Riley Amos Westbrook (sonshinegreene) | 1510 comments Mod
Charles wrote: "The writer's toolbox. That elementary school explanation for the wide array of styles, purpose, and means of turning words into prose, and then into a story. Each one says a lot about each indivi..."

Drafted!


message 7: by A.E. (new)

A.E. Hellstorm (aehellstorm) | 196 comments Great thread, Charles. Sometimes we get so absorbed in our own writing that we forget what kind of tools are at our hands.


message 8: by Charles (new)

Charles Hash | 1054 comments Keep in mind these are just my preferred tools, and how I choose to use them. They are not by any means "hard and fast", like everything else in fiction, and I'd love to know what everyone else uses, like Morris did. :D


message 9: by A.E. (new)

A.E. Hellstorm (aehellstorm) | 196 comments Charles wrote: "Keep in mind these are just my preferred tools, and how I choose to use them. They are not by any means "hard and fast", like everything else in fiction, and I'd love to know what everyone else us..."

*lol* You want me to think? Well, I guess I'll have to come back to you on this topic. Sorry to disappoint you, but I honestly haven't thought about these things since my creative writing class twenty years ago.


message 10: by Charles (new)

Charles Hash | 1054 comments They are boring, and take the fun out of it sometimes.


message 11: by A.E. (new)

A.E. Hellstorm (aehellstorm) | 196 comments Charles wrote: "They are boring, and take the fun out of it sometimes."

I wouldn't call them boring, but once you learn them and start to use them, they become part of your writing style and you don't think about them after that.


message 12: by Charles (last edited May 06, 2015 03:52PM) (new)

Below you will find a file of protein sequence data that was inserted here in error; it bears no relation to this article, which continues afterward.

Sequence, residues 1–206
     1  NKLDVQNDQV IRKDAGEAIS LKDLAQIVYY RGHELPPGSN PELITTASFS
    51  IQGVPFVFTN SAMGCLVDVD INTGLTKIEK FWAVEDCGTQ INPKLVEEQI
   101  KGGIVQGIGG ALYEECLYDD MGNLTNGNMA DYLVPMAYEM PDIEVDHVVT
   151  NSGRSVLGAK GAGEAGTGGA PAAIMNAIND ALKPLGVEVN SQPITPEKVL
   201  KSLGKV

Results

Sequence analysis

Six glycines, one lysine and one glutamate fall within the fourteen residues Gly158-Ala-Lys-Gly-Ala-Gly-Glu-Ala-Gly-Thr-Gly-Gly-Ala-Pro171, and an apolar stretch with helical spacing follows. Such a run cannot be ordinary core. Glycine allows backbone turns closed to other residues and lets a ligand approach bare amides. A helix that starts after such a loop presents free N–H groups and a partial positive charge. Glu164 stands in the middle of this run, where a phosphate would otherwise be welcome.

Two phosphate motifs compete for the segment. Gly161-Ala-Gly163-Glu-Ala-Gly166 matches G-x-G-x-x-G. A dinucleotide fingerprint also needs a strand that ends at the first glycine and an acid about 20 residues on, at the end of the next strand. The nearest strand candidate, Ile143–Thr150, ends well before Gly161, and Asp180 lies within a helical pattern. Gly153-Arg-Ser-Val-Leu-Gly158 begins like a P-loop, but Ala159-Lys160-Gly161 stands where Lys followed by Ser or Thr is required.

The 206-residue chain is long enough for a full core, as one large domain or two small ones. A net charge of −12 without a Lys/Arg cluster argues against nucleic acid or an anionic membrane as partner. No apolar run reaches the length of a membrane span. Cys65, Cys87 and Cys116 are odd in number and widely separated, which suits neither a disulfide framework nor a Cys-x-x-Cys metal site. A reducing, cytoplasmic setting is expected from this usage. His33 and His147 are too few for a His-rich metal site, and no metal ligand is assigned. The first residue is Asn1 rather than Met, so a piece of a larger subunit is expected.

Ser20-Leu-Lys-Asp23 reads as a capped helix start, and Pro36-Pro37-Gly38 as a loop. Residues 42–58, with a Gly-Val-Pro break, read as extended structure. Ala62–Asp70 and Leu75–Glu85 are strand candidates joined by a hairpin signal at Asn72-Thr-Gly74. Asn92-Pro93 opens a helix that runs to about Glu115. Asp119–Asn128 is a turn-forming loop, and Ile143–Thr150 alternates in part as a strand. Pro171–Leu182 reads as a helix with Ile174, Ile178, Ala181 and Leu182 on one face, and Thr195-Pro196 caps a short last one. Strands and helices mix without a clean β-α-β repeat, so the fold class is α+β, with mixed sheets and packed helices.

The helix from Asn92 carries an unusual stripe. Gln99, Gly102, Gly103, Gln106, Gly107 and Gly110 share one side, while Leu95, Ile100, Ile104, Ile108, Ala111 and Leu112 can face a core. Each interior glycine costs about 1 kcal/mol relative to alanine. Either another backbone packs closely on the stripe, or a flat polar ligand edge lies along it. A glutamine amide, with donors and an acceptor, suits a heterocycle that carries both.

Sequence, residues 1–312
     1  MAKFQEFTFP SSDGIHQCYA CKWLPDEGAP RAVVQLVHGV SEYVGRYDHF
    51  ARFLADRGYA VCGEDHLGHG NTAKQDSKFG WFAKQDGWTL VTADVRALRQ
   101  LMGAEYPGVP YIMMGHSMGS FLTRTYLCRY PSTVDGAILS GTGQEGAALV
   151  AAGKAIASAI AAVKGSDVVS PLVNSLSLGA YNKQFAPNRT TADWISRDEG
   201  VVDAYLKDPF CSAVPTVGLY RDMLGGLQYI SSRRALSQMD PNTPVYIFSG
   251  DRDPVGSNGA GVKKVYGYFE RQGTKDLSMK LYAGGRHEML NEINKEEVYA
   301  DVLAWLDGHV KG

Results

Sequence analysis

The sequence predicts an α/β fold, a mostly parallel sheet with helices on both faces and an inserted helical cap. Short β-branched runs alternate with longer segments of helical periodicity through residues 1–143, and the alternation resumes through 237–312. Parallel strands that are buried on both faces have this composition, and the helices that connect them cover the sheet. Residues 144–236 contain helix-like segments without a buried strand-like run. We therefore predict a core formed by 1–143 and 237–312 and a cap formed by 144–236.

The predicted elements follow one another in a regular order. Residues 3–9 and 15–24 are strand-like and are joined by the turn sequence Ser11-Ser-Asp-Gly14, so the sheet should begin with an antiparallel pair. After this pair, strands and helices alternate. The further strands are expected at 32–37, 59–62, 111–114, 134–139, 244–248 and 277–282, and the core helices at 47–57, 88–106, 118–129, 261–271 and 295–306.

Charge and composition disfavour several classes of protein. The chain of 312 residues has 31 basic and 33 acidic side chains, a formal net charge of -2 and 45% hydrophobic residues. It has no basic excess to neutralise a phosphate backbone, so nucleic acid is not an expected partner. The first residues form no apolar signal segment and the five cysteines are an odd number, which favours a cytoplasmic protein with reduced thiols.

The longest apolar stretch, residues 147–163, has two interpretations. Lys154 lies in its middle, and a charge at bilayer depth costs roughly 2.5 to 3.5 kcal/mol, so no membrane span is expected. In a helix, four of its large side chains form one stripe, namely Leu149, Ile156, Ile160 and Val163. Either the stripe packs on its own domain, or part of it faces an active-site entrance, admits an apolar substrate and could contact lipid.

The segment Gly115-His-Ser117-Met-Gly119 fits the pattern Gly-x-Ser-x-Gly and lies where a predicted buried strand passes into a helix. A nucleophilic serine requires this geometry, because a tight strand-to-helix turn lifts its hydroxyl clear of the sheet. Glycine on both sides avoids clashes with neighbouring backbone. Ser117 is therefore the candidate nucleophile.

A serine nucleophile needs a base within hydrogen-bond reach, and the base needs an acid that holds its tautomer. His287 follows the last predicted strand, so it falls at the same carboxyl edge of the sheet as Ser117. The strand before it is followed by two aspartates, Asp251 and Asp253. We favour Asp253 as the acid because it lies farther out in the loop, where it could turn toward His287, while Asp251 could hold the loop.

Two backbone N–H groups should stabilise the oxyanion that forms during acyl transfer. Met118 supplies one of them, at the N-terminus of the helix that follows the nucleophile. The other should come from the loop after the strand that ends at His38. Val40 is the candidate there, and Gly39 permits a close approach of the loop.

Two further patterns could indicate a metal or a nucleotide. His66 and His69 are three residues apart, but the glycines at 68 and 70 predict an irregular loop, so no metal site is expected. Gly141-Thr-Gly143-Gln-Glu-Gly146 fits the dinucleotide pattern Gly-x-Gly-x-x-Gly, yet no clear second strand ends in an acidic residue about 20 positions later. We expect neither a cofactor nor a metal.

Charles Hash | 1054 comments I find them useful when I want to add sub-arcs and things like that. They usually fall into place pretty well. Well, the text building tools anyway.


message 13: by A.E. (new)

A.E. Hellstorm (aehellstorm) | 196 comments Charles wrote: "I find them useful when I want to add sub-arcs and things like that. They usually fall into place pretty well. Well, the text building tools anyway."

I can't really wait to read your book. I've downloaded it, but you're fifth on my to-read-list, so it will take a while to get there. It will be very interesting to see how you structure your text and plots.


message 14: by Charles (new)

Charles Hash | 1054 comments Thank you. I hope I can live up to those expectations. :\


message 15: by A.E. (new)

A.E. Hellstorm (aehellstorm) | 196 comments Charles wrote: "Thank you. I hope I can live up to those expectations. :\"

I think you will. I glanced at the first sentences and they looked good. :-)


message 16: by Charles (new)

Charles Hash | 1054 comments :D


message 17: by S. (new)

S. McPherson (smcphersonbooks) | 7 comments A.E. wrote: "Charles wrote: "Thank you. I hope I can live up to those expectations. :\"

I think you will. I glanced at the first sentences and they looked good. :-)"


Well now I really want to read it! What genre is it? Also, I think my best tool is reading other authors in my genre that were as successful as I would hope to be and then drafting, redrafting, drafting again and professional editing haha


message 18: by Riley, Viking Extraordinaire (new)

Riley Amos Westbrook (sonshinegreene) | 1510 comments Mod
Charles is humble. I've only read one of his works but I loved every page of it.


message 19: by S. (last edited May 07, 2015 01:08PM) (new)

S. McPherson (smcphersonbooks) | 7 comments Humility is endearing at times :) What was the book called? And what was the genre?


message 20: by Charles (new)

Charles Hash | 1054 comments I sent you a message. :D


message 21: by L.J. (last edited May 08, 2015 12:39AM) (new)

L.J. Kendall (luke_kendall) Over on RYCJ's blog I noticed a link to an interesting article Good writing vs talented writing. Samuel Delaney is Samuel R. Delaney - you know, Babel 17, and numerous other classics.


message 22: by Steven (new)

Steven Malone | 39 comments I would suggest "The Hero with a Thousand Faces" by Joseph Campbell for designing protagonists and knowing about the hero's journey for plot.